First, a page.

The stones begin hatching as early as April in Middle Park. When the adults don't draw interest from trout, tie on a nymph. Two patterns that work well here are the Halfback and 20-incher, both on hooks size 4 to 8. The stoneflies may continue hatching through August but are usually a bit sparse by then. It's still worthwhile to tie on a big Sofa Pillow, however, as the fish will continue to go for a large morsel even when the adults are seen much less frequently.

Other rivers with notable stonefly hatches in Colorado are the Roaring Fork, Gunnison, and Rio Grande. The timing of the hatch varies some but all will have action on either adults or nymphs

Green Drake

Green Drakes are some of the larger mayflies. Adults are imitated with dry-fly patterns sizes 10 and 12. As on other rivers, this one begins on the lower stretches and progresses upstream through the summer. Although the Drakes are large, it won't hurt to tie on a little smaller fly, particularly if trout inspect but reject your offering.

The hatch normally begins in July and Drakes continue to emerge through September. The peak is shortly after it starts and by late summer the Drakes are fewer in number.

Stream flows are usually low and clear for the hatch, making wading easy in most rivers. While the hatch is a mid-morning to mid-afternoon event, anglers will be able to take trout before it gets going good using emerger patterns. Use a small amount of weight on the leader and a strike indicator. In the clear water trout may be observed swimming actively in the pools. If they're not rising, take the hint and use emergers. Be prepared to switch to dries when trout begin taking the adults.


This tiny mayfly hatches beginning in July or August and continues through October. It's not a widespread hatch like other mayflies. The main rivers to fish tricos are the South Platte, Colorado, and Fryingpan. Tie on a Parachute Adams in 18 to 22 to imitate adults. Late in the day, after the adults have mated, they die and fall to the water. For this stage a No. 20 or 22 Trico Spinner gets action. Use a No. 18 to 22 Pheasant Tail to imitate the nymphs or emergers.


These minute insects are found about everywhere. On some waters they are seasonal. On others they are around all the time. Midges live at all elevations, too, so they hatch on high lakes. Probably the most frequently used imitation is the Griffith's Gnat. Keep it small, sizes 18 through 22. The same sizes of Adams work well, too. To imitate emergers try the Brassie, black or olive Palomino Midge, or Pheasant Tail.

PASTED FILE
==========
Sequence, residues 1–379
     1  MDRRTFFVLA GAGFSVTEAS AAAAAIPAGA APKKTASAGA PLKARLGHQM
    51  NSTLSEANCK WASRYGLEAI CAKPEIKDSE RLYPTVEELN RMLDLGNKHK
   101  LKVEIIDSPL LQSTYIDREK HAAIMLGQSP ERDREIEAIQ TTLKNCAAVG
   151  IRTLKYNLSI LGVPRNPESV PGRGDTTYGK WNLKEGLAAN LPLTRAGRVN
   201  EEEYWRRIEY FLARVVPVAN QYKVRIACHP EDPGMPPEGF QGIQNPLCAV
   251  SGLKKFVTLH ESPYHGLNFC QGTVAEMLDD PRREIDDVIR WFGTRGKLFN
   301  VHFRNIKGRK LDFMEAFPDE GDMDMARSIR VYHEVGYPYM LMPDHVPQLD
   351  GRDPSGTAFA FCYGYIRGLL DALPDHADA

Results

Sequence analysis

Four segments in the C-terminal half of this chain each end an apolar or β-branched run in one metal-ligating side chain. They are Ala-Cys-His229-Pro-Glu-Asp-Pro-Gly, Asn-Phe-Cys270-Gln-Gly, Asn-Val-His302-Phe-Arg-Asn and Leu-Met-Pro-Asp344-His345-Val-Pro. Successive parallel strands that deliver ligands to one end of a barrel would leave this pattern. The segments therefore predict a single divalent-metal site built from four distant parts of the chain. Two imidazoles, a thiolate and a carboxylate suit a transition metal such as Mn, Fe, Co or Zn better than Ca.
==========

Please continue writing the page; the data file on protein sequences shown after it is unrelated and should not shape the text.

By August some lakes and streams, particularly those other than tailwaters, run low and water temperatures rise. Insect hatches tend to occur early and late in the day then. Trout still have to eat, though, and terrestrial insects provide action at that time.

Quite often grasshoppers hanging out near the water's edge fall into the stream or lake, creating an artificial "hatch." Being poor swimmers they create fish-attracting commotion as they struggle for safety. Cast a hopper pattern close to the bank. Let it land with a splash and twitch it to suggest a struggling insect.

Ants are to trout what chocolate is to a chocaholic – irresistible. These insects also get into the water by accident. As with hoppers, work the fly close to the bank.

Beatles are a gourmet meal for trout. These important sources of protein are common in Colorado but are probably under-utilized by anglers. Beatles come in a variety of sizes, shapes, and colors, as should imitations in your fly box.

Although not every insect is discussed, these are some of the major hatches of summer and early fall. Stock your fly boxes with an assortment of patterns so you'll be ready when the trout are feeding fast and furious. With a bit of planning, you'll enjoy these hatches at their peak.